Applying Exception Aggregation – People analytics use cases
A SuccessFactors report designer/admin/author can easily notice the advantage of Story, especially when it comes to aggregating data. It is an enhanced function compared to Canvas or Table report. After a data model is built in Query designer, in Story, summarizing data is easier in Story, for example, headcounts, total compensation, or count of requisitions. Story provides multiple types of calculation and ‘Aggregation’ type conveniently calculates unique counts based on selected aggregation dimensions.
However, there are multiple situation where straight forward aggregation capabilities are not sufficient anymore but so-call “Exception Aggregation” is need. This blog post provides some further insights how to use this particular aggregation type.
There’s an exception aggregation using ‘Aggregation’ calculation type to ensure the calculation with multiple rows of user ID data are accurately aggregated. The use case is when you want to accumulate any measure on a parent object which has a 1:N relationship to children objects. “Exception Aggregation” is so-to-speak the “Measure-counterpart” of the ‘operation’ and “Count Dimension” which is applied for a distinct count of dimensions.
Use case 1: Total FTE
The use case will become clear with the help of following example: Anchor of the query is job Info – which also has the FTE of the employee. What should be accumulated – and other objects with 1:N cardinality are joined (in the concrete case it’s the “Direct Report JobInfo”). See the example below, simply summing up FTE will not work (i.e. it would give “13” for the 13 records) since 2 of the 6 employees have direct reports (User “Awan” has 4 direct reports and user “Tchin” has 3 direct reports). To consider the FTE of users “Awan” and “Tchin” just once, a trick was applied (=”Exception Aggregation”) by creating 2 calculated story measures as indicated here:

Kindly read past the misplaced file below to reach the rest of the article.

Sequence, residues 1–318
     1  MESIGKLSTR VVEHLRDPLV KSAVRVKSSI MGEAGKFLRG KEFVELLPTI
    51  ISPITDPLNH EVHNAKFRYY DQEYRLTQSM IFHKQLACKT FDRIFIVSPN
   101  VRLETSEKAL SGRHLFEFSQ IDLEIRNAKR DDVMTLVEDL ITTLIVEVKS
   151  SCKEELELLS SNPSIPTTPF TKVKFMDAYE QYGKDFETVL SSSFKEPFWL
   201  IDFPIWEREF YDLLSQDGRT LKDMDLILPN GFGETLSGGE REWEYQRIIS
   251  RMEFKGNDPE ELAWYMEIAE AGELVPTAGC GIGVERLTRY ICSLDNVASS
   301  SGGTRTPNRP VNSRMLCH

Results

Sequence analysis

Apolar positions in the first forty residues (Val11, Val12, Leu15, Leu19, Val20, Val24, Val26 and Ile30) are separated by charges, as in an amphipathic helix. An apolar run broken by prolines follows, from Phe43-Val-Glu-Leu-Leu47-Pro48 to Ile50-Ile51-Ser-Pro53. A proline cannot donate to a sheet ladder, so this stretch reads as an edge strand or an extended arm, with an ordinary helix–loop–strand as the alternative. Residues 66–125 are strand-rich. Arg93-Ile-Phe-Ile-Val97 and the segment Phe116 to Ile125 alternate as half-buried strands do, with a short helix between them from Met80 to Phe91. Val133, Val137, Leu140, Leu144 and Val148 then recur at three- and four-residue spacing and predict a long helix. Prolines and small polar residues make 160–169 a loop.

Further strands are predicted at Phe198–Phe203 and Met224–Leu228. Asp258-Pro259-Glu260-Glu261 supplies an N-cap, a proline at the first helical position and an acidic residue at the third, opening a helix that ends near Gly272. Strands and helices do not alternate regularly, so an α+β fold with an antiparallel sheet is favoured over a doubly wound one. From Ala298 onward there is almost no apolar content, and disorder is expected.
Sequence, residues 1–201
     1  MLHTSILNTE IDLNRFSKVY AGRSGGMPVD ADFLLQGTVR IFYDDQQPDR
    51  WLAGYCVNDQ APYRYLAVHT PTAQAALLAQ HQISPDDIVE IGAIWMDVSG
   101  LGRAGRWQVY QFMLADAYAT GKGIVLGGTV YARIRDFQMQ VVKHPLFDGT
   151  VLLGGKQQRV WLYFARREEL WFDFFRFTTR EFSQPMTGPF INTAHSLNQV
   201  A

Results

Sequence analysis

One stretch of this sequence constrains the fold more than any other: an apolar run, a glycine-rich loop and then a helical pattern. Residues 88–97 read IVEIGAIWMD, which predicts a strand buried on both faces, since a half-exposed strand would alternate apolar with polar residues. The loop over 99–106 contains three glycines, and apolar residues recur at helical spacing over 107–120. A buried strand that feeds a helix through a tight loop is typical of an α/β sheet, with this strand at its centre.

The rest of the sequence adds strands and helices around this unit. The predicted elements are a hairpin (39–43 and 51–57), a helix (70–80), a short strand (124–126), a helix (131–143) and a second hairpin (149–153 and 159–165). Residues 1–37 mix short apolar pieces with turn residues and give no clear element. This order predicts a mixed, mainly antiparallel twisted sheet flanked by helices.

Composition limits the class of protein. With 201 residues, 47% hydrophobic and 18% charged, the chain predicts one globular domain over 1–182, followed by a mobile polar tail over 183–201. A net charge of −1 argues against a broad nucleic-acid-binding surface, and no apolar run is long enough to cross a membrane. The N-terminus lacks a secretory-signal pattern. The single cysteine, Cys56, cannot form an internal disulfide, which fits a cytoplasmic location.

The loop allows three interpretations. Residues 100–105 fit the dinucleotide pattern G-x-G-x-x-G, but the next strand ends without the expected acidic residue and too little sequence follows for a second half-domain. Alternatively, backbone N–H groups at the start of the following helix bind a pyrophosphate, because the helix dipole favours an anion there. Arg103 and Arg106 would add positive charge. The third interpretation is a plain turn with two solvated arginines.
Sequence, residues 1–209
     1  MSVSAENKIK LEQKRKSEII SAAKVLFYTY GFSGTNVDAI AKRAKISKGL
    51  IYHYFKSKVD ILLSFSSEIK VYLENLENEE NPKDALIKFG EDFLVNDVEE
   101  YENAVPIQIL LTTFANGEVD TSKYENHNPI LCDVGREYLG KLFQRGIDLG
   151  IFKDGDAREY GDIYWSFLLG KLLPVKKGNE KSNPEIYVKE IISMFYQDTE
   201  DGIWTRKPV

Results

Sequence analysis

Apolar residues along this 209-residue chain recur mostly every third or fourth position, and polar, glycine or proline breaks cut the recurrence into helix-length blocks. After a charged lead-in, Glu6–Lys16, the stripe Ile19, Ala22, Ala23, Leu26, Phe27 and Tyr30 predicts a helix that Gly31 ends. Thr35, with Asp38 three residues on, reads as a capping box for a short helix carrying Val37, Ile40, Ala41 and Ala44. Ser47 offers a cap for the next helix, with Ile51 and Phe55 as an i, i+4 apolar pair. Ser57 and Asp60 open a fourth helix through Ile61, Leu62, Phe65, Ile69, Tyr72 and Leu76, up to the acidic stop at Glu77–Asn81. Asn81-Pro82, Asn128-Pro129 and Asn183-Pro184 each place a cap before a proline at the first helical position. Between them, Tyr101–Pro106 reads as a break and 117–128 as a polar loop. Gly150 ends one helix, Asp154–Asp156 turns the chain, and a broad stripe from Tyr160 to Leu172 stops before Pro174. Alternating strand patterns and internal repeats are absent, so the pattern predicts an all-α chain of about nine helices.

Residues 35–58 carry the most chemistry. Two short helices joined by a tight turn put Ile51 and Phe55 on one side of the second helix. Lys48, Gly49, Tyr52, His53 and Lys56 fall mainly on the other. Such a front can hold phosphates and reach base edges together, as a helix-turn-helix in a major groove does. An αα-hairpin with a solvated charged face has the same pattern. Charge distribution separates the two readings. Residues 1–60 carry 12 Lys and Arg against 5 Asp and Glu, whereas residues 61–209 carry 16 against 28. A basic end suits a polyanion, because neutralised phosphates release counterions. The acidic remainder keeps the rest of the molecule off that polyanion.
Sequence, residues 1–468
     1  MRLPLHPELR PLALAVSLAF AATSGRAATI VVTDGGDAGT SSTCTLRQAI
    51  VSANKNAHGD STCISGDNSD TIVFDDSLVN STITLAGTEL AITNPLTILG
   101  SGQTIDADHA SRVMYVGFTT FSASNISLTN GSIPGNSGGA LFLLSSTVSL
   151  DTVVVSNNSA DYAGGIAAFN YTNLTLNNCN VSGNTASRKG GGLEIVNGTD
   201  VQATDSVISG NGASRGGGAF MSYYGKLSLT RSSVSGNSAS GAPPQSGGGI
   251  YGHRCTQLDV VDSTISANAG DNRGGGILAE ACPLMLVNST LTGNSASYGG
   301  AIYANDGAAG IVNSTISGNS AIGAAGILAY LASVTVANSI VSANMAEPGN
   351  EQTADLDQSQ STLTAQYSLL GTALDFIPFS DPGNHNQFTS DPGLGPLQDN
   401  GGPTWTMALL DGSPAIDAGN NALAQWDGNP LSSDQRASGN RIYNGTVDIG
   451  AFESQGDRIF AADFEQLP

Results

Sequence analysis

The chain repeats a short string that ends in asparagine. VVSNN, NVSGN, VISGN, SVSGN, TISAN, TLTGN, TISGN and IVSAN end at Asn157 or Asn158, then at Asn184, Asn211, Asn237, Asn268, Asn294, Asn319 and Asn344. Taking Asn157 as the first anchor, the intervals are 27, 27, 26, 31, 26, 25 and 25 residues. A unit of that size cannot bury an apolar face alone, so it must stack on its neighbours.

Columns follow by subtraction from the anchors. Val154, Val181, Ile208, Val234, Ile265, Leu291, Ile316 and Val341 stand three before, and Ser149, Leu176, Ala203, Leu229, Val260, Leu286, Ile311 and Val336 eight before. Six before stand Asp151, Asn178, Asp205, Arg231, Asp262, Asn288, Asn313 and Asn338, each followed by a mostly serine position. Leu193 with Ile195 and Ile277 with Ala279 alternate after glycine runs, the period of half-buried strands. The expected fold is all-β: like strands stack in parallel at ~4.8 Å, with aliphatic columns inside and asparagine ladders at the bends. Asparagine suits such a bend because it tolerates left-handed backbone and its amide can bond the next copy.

Example how to create the two calculated measures to get the correct number of FTE
Please note that, the same result can be achieved by changing aggregation type of FTE in query. When the data semantic type is ‘Measure’, the default aggregation type is NONE. Change the type to Max/Min to only pick 1 value per user ID.
After the query is set, create a calculated column (Aggregation) in Story. Below is an aggregation calculation then the result will be same as the first approach.
Use case 2: Average days of requisition age
Recruiting data with application data result in multiple rows of data unavoidably due to the relationship between requisition and applications. A requisition has multiple applications (unless no candidate is interested) and this will cause multiple rows per same requisitions. Since the age definition is an age of requisition, the average should be an average per requisition.
To calculate average age per requisition, exception aggregation is required. Otherwise, it will end up summing all ages listed by applications, not by requisitions. This means, to average the data, we need to define the correct data sum and correct count to divide the sum. Since each requisitions have applications data, the sum of age will be an inflated number. Exception aggregation can overcome this.
Step 1: First step is in query designer, set ‘Age’ field to be measure and aggregation type ‘Max’ to ensure it is only picking up one value per requisition:
Step 2: Save the query and in Story, create a calculated column to sum ages of requisitions. This will only add one age value per requisition:
Step 3: Create another calculated column to average the requisition age as below. Notice the measure is not age, but the sum of requisition age ‘Requisition Age Sum’, which is calculated in Step 2.
For example, we have 3 requisitions, 2844, 2845, and 2861. Requisition 2844 has 1 application data, 2845 is null, and 2861 has 12 applications. Each requisition has age of 215, 215 and 32 days respectively. Requisition age sum is 462 days, not adding all values which is 814 (= 215 + 215 + 14 x 32) days due to the repetition from application for requisition 2861. And we’re seeing a correct average of requisition which is 462 divided by 3, that is 154 days.